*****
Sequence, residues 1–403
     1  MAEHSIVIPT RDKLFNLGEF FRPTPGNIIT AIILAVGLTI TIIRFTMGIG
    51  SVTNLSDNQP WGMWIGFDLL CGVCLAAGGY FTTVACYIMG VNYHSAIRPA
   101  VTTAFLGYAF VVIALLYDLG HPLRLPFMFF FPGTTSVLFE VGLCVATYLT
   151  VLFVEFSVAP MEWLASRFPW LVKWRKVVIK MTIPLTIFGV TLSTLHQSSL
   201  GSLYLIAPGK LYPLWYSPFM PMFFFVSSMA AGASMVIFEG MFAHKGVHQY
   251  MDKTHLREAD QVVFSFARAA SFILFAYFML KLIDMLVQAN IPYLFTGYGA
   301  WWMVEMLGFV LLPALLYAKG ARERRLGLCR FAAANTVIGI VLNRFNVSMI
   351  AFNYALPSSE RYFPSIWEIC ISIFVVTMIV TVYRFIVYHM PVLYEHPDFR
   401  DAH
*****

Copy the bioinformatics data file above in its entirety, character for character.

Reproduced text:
Sequence, residues 1–403
     1  MAEHSIVIPT RDKLFNLGEF FRPTPGNIIT AIILAVGLTI TIIRFTMGIG
    51  SVTNLSDNQP WGMWIGFDLL CGVCLAAGGY FTTVACYIMG VNYHSAIRPA
   101  VTTAFLGYAF VVIALLYDLG HPLRLPFMFF FPGTTSVLFE VGLCVATYLT
   151  VLFVEFSVAP MEWLASRFPW LVKWRKVVIK MTIPLTIFGV TLSTLHQSSL
   201  GSLYLIAPGK LYPLWYSPFM PMFFFVSSMA AGASMVIFEG MFAHKGVHQY
   251  MDKTHLREAD QVVFSFARAA SFILFAYFML KLIDMLVQAN IPYLFTGYGA
   301  WWMVEMLGFV LLPALLYAKG ARERRLGLCR FAAANTVIGI VLNRFNVSMI
   351  AFNYALPSSE RYFPSIWEIC ISIFVVTMIV TVYRFIVYHM PVLYEHPDFR
   401  DAH